3.Aventine Renewable Energy Inc. (AVR) said Monday it may be forced to file for Chapter 11 bankruptcy
4.Grains still watching outside markets; awaiting the Planting Intentions Report on March 31.
 
All three grains closed mixed. Corn closed lower, wheat closed higher and soybeans closed higher, led by the new crop. A report out today claiming that the Argentine government may be lowering taxes on soybeans to 27% from 35% on some farmers and may also eliminate the export tax completely for corn and wheat weighed on nearby soybean prices. This has been a huge issue as most of you know, and if the government would lower the taxes on soybeans this could quickly free up supplies. The Argentine farmers are holding on to a record amount of soybeans from both this year and last year. Commercials were also major sellers of the old crop/ new crop spread today, which adds credibility to the story. An additional story reported that no agreements had yet been reached between the two, so your guess is as good as mine. Heavy U.S. farmer selling over the past two days helped tamper corn prices. The $4/bushel mark was hit in several areas for the first time in months and this triggered heavy selling. The strength in the outside markets and the largely anticipated Planting Intentions Report at the end of the month is providing us with an incredible selling opportunity in my opinion. Firming outside markets and uncertainty about the acreage report helped trigger short covering in our markets, and this buying has turned from short covering to new buying. The "funds" could certainly run these markets further if they want to throw enough money at us, and I would use this rally to catch up on sales before the report.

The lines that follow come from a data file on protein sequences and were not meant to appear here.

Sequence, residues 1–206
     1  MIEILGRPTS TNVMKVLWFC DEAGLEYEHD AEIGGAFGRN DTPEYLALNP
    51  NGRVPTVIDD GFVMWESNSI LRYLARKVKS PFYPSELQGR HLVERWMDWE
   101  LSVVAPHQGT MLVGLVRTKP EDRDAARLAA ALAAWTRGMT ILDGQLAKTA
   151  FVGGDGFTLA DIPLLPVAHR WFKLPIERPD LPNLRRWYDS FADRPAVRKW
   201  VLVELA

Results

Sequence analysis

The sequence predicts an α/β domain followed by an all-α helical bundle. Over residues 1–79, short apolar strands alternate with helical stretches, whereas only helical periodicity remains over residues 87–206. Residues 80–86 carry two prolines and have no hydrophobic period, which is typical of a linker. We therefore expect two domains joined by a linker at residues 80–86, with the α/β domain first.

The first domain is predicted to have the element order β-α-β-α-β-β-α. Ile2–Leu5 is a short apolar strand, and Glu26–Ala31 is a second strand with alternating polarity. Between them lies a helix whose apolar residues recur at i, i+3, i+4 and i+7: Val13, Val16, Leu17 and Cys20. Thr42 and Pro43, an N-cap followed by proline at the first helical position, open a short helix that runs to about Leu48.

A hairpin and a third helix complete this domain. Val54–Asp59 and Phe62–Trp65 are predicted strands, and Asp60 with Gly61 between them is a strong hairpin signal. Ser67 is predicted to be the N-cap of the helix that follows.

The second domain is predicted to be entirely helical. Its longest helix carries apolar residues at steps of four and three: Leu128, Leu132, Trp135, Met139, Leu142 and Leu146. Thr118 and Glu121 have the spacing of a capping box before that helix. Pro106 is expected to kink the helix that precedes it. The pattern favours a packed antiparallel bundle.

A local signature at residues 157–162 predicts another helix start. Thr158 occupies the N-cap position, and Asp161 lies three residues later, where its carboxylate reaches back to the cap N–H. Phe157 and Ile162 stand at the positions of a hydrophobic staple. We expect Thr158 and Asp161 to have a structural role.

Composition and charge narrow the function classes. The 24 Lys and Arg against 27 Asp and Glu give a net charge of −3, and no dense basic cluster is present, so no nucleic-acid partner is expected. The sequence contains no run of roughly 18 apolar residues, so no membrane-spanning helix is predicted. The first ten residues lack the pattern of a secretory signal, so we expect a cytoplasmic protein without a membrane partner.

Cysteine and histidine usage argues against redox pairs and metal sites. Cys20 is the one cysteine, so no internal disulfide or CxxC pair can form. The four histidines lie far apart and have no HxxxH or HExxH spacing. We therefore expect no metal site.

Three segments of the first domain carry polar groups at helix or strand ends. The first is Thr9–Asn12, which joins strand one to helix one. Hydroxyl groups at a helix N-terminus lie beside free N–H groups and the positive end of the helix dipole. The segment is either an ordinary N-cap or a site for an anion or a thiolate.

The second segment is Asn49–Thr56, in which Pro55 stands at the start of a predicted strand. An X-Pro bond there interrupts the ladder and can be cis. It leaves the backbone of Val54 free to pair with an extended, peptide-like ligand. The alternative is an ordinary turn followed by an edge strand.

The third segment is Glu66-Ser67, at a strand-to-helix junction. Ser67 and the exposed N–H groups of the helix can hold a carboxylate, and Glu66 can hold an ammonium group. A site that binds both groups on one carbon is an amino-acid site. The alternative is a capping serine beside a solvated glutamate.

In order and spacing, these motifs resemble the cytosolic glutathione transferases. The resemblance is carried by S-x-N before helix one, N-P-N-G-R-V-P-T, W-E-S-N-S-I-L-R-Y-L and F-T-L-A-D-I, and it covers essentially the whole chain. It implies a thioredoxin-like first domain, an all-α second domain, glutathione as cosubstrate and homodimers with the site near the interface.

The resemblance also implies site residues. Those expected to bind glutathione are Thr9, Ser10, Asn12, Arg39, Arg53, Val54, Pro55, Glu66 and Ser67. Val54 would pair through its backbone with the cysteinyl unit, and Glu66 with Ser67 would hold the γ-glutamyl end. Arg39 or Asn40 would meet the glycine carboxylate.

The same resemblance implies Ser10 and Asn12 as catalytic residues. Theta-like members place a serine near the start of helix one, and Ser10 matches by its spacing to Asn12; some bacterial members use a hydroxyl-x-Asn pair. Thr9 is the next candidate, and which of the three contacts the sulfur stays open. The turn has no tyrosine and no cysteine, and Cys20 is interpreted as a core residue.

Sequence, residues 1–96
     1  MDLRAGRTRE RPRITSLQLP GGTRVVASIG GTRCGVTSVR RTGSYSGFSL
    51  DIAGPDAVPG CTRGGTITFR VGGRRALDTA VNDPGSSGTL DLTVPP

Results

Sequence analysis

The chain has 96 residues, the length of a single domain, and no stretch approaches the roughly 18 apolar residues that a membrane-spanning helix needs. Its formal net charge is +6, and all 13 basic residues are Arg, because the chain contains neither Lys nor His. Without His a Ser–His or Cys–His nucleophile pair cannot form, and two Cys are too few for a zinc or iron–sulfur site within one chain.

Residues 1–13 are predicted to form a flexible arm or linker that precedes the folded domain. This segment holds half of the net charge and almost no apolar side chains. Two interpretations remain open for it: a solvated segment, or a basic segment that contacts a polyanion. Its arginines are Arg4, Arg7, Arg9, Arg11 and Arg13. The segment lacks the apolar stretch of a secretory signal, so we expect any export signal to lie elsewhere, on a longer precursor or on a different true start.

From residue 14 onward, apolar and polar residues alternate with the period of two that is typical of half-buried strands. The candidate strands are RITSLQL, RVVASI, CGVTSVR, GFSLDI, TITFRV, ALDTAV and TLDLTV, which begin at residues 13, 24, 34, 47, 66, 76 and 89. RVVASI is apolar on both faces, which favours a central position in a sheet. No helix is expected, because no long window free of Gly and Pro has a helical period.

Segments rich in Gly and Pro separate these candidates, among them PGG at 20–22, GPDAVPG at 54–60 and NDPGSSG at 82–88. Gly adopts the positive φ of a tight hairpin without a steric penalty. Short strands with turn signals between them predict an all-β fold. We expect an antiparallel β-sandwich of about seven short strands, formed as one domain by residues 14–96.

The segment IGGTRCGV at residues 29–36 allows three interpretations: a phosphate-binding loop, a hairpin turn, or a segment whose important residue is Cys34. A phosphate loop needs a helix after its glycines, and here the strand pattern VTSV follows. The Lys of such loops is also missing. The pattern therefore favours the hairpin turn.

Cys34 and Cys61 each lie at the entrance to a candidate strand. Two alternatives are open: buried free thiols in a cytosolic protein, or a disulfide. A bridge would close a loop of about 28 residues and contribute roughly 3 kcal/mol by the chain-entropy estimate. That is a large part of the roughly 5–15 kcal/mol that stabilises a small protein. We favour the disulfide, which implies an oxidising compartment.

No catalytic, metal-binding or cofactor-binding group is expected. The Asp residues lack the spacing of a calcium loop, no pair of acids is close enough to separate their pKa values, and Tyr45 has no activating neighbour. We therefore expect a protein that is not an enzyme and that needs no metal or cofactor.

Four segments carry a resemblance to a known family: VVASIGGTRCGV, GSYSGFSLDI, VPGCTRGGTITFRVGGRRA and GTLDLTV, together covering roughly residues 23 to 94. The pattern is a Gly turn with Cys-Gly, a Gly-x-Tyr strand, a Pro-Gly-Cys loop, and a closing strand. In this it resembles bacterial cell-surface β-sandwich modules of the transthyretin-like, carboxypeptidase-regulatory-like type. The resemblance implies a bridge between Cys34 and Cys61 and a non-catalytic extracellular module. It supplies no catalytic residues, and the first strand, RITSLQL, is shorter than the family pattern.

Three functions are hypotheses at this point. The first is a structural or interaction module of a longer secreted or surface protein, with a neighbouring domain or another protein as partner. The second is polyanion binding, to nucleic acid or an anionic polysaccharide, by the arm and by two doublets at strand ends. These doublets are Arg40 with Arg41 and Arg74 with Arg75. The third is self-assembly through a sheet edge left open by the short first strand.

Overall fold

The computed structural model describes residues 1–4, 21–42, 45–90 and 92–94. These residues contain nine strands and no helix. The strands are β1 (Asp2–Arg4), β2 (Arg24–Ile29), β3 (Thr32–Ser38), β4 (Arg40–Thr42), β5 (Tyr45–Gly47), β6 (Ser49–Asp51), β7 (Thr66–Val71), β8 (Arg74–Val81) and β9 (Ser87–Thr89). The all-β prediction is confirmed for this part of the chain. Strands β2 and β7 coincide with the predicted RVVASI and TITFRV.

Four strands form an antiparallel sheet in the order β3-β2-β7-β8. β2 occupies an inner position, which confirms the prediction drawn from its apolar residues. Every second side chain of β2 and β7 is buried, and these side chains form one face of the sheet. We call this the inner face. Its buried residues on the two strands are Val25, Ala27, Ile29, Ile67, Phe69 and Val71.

For those of you who are behind on 2009 sales, I would get caught up if December corn futures continue to rally $4.20-$4.50 and if November soybean futures continue to rally from $8.50-$9.00. If the market gives you the opportunity to sell $4.50 corn again and $9.00 soybeans again, you should take advantage and at least put in a floor before the March 31st report. Anything can happen this spring/summer and maybe we will have a sharp rally, but there are a lot of reasons why corn, soybeans and wheat can break sharply from these levels. The calls we bought last week will keep our upside open from these levels. We will look to cover our short put position if we continue to rally before the report. Give us a call if you have any questions, or click here to see all of our current recommendations. www.ehedger.com/sign-up/
 
 
Go to www.EHedger.com for a free two-week trial that includes our hedging recommendations, trades of the day, market recaps or to simply open an account.
 
Trading commodity futures and options involves substantial risk of loss and may not be suitable for all investors. The market information contained in this message has been obtained from sources believed to be reliable, but is not guaranteed as to its accuracy or completeness. Market information may not be consistent with current or future market positions of E Hedger, its affiliates, officers, directors, employees, or agents. Recipients assume the risk of reliance on and indemnify and hold E Hedger harmless for any and all losses, costs, or tax consequences incurred as a result of their use of market information.